I Am Not Rushing To Judgment On Edward Snowden

      Earlier today I spoke with foreign policy expert Stephen Yates, who worked for the NSA for several years and served as an adviser to former VP Dick Cheney. Yates notes that Hong Kong has an extradition treaty with the United States, yet it is interesting that Snowden chose there of all places. “To a simple minded-person, it’s close to Hawaii, has a lot of international | Read More »

      Julian Assange Had A Point

      By now, we’ve all gone through the mourning period requisite to accept that any privacy we expected to have as American Citizens is dead. The War on Terror killed it. In a sense, Osama Bin Laden won. He’s spiking the football down in hell as we speak. If he hated us for our freedoms, he should lighten up a bit and chill. Those freedoms are increasingly becoming non-existent – a casualty of war so to speak.

      The recent revelations of Edward Snowden, even if partially inflated by bravado and imagination, suggest that everything I’ve written above is the sad truth about Post-modern America. We are increasingly becoming The Orwell State.

      And the people wielding all the special powers we enacted to fight The War on Terror still wield them without any let-up. They wield them without let-up right after they announced the war was coming to an end. So if the GWOT is over and done with, who does the administration consider the enemy? Or worse yet, does the administration even feel the need for an enemy? Do they consider the police state a naturally justifiable equilibrium? All of these questions above are fine and dandy for batting around the dorm hall amidst a cloud of epistemological bong smoke. If you don’t like the answers to any of the questions I’ve posited then here’s the only question that matters: what do you intend to do about it? Glen Greenwald offers one response below.

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      PRISM Must Go

      The revelations on the NSA program code named PRISM are troubling. When coupled with the Obama Administration’s generally lawless behavior it is PRISM, not our foreign enemies, that poses the greatest threat to our nation and our system of government.

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      Hey, everybody: it’s SCOTUS Day!

      That’s right, kids: today’s a day where the United States Supreme Court reminds you that complicated, final decisions in tricky law cases are determined by whether Anthony Kennedy liked what he had for breakfast that morning. [pause] Well, at least the Supreme Court isn’t declaring our metadata unconstitutional. That’s something, at least. SCOTUS Blog is covering it in real time, but feel free to comment | Read More »

      Trust and Taps

      It is long held that the government can look at the outside of an envelope as it passes through the postal system. The government can see who is sending a letter, to whom it is being sent, and from which postal location the letter was mailed. The government, in the twenty-first century, is trying to come to terms with a society that transmits information differently | Read More »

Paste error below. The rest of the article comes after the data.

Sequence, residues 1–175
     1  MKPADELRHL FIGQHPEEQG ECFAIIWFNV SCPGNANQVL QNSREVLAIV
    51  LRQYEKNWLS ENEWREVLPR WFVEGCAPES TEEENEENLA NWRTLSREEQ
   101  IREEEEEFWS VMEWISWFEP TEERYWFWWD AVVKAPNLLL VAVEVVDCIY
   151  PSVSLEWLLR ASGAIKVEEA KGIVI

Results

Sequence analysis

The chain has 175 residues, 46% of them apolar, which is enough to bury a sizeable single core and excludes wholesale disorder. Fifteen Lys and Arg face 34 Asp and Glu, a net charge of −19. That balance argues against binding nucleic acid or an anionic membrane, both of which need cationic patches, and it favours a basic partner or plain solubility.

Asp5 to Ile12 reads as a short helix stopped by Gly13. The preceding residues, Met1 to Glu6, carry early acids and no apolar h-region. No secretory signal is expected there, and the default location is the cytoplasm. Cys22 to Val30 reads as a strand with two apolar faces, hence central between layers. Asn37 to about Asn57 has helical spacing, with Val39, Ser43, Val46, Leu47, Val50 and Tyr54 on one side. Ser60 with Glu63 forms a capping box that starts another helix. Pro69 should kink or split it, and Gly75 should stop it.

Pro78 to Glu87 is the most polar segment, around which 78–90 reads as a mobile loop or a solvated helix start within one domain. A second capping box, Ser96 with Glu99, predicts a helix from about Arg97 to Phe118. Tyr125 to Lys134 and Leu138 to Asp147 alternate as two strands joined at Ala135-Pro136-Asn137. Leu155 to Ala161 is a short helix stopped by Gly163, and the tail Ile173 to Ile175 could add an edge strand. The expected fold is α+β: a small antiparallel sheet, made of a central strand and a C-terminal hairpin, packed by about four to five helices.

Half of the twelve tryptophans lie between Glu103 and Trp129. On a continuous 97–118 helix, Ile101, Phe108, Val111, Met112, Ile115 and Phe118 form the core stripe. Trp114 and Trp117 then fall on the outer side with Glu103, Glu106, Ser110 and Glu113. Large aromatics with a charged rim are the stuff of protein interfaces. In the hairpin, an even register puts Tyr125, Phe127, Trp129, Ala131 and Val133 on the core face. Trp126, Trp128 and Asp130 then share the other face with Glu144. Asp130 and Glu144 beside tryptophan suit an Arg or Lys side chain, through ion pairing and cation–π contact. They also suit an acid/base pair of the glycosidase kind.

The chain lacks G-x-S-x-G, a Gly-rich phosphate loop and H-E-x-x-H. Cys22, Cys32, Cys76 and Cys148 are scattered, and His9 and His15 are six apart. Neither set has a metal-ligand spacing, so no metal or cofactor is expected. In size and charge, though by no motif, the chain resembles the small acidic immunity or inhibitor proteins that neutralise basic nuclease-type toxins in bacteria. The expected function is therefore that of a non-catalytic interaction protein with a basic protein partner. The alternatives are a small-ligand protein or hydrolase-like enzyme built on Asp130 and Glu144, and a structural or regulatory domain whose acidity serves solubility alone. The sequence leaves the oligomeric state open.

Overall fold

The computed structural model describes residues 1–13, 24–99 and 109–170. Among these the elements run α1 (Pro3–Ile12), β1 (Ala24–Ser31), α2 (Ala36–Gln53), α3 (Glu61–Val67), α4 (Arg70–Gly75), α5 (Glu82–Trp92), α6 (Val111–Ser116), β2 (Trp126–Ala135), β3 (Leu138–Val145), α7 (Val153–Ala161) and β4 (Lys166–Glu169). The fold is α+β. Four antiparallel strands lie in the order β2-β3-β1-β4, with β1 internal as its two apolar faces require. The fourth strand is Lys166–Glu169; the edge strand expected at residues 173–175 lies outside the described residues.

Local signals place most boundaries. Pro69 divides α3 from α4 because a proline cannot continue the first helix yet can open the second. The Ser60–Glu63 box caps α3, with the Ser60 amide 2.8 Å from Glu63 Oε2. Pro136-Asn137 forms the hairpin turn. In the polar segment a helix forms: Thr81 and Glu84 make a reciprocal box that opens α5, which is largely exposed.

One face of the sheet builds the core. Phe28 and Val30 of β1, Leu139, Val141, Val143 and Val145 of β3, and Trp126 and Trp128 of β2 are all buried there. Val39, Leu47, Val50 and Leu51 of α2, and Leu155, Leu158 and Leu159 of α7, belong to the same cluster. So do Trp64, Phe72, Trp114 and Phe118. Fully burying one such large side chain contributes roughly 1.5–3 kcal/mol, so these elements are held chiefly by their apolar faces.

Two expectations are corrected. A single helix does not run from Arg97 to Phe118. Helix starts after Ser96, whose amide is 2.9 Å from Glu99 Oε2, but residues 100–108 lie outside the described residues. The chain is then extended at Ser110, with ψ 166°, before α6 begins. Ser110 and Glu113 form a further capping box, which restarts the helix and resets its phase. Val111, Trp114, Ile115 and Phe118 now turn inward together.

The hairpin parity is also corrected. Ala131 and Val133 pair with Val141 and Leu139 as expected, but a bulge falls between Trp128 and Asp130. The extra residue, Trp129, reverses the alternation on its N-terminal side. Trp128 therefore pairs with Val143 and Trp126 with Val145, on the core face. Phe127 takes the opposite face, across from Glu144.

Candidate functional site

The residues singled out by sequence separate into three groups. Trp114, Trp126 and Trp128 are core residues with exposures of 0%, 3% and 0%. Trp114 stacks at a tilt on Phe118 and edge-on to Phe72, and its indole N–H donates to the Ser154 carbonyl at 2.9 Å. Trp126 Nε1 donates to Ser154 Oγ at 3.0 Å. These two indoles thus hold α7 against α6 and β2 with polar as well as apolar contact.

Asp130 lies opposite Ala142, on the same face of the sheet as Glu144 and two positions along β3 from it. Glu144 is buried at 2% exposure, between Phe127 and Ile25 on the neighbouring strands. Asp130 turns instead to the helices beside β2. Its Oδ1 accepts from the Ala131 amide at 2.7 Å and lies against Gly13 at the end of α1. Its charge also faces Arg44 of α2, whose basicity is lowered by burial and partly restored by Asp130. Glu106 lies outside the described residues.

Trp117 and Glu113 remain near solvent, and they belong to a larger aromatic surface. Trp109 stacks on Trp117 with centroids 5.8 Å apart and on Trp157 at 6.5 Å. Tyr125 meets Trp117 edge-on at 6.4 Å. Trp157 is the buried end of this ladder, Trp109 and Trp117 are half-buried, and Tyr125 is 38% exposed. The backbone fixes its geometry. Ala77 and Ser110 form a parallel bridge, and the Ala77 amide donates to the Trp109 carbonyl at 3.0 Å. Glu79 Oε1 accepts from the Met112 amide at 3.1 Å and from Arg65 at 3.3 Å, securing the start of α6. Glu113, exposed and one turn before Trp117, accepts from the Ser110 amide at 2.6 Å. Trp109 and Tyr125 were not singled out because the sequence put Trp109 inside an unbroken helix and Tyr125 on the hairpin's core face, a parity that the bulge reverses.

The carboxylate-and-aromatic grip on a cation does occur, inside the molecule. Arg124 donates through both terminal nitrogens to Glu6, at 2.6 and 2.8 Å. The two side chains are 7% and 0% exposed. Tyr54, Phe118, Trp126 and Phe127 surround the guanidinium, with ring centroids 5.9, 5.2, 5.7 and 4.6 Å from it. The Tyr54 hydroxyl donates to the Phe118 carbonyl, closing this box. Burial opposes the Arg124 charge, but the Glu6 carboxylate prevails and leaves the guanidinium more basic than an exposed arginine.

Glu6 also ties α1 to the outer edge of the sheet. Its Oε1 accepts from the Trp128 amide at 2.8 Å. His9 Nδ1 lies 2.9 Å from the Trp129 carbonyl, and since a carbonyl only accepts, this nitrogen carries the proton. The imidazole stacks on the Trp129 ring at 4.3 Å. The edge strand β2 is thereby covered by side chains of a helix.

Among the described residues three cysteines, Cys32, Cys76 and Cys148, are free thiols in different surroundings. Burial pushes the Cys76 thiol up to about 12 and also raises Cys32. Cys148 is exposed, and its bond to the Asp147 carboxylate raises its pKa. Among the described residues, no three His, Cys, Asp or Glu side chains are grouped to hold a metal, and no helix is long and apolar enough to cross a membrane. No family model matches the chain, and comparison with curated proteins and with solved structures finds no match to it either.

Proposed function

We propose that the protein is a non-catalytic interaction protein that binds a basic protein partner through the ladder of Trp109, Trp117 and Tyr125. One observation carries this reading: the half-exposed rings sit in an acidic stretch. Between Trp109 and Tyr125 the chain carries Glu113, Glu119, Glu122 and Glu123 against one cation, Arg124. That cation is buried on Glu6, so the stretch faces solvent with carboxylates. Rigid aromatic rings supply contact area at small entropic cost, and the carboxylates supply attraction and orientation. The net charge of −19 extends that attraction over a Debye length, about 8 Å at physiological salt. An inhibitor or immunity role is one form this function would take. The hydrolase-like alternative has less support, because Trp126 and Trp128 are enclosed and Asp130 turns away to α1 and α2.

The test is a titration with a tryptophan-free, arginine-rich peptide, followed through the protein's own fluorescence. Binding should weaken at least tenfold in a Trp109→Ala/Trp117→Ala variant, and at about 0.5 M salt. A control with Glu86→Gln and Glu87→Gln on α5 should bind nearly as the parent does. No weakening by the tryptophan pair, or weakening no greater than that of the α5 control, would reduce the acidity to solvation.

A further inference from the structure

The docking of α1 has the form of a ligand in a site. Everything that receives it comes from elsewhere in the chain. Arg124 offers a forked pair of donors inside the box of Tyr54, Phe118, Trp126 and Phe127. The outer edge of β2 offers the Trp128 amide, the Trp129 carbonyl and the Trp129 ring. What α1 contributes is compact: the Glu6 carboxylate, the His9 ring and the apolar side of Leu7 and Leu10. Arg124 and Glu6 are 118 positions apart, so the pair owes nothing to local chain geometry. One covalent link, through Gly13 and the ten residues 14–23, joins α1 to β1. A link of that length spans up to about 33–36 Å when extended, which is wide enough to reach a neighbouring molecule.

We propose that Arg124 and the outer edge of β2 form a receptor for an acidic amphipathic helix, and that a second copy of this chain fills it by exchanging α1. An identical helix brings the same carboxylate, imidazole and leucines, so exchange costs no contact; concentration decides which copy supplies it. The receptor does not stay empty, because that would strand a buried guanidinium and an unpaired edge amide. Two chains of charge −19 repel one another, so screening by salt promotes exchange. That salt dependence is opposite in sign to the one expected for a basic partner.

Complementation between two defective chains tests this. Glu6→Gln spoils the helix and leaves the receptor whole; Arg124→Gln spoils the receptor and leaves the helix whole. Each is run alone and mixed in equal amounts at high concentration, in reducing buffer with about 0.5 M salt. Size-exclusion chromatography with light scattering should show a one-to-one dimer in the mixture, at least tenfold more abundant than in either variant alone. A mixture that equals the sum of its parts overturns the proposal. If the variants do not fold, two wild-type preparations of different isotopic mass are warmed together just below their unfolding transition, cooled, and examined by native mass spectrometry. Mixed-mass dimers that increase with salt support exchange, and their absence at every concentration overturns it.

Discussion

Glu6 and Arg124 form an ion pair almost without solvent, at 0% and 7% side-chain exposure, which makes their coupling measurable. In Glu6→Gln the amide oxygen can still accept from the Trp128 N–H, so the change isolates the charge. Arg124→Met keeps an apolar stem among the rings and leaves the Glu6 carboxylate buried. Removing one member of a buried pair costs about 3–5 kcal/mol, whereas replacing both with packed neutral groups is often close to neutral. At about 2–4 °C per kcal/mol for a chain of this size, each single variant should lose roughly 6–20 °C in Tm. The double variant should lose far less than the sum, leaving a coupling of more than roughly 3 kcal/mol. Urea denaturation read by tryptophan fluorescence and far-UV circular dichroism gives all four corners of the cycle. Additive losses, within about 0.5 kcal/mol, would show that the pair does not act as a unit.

A Faith To Stand Firm

      The Boy Scouts, as by now you know, has decided to allow in gay scouts while keeping two prohibitions. The first is that which prevents gay scout leaders. The second, which has gone mostly without notice, is the prohibition on sexual activity by scouts. This has put many Christians in a position they never asked to be in, in a fight they never asked for | Read More »

      Update on the NJ Senate special election.

      Cory Booker makes it official that he’s running for NJ-SEN (special): he announced it today. Here’s the thing, though: so is Rep. Frank Pallone. For that matter, so is Rep. Rush Holt, but Holt’s brand of progressive is probably not envelopes-of-cash-under-the-table enough for the Democratic Senate primary. In other words: this is a two-man show, and Frank Pallone is going to startle a lot of | Read More »

      The New York times sacrifices its credibility on the Obama altar

      Within hours of the disclosure that the federal authorities routinely collect data on phone calls Americans make, regardless of whether they have any bearing on a counterterrorism investigation, the Obama administration issued the same platitude it has offered every time President Obama has been caught overreaching in the use of his powers: Terrorists are a real menace and you should just trust us to deal with them because we have internal mechanisms (that we are not going to tell you about) to make sure we do not violate your rights.

      Those reassurances have never been persuasive — whether on secret warrants to scoop up a news agency’s phone records or secret orders to kill an American suspected of terrorism — especially coming from a president who once promised transparency and accountability. The administration has now lost all credibility.

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      Adrift on the sea of power

      Government power is exercised only in the absence of liberty.  If you are legally compelled to do something, you are not free to refuse.  The government does spend a good deal of time making “suggestions” and offering optional “benefits” these days, but all of this activity is funded by the compulsory seizure of wealth. Power takes many forms.  Money is power.  Everything the government does | Read More »

      Lindsey Graham’s World

      The Constitution. The Bill of Rights. The Declaration of Independence. To some these are little more than historical documents, but to conservatives these are the law of the land. It is clear as one reads them, the foundation of our country was built with limited government and the free market in mind. However, Washington is out of touch. Special interests throw money at career politicians. | Read More »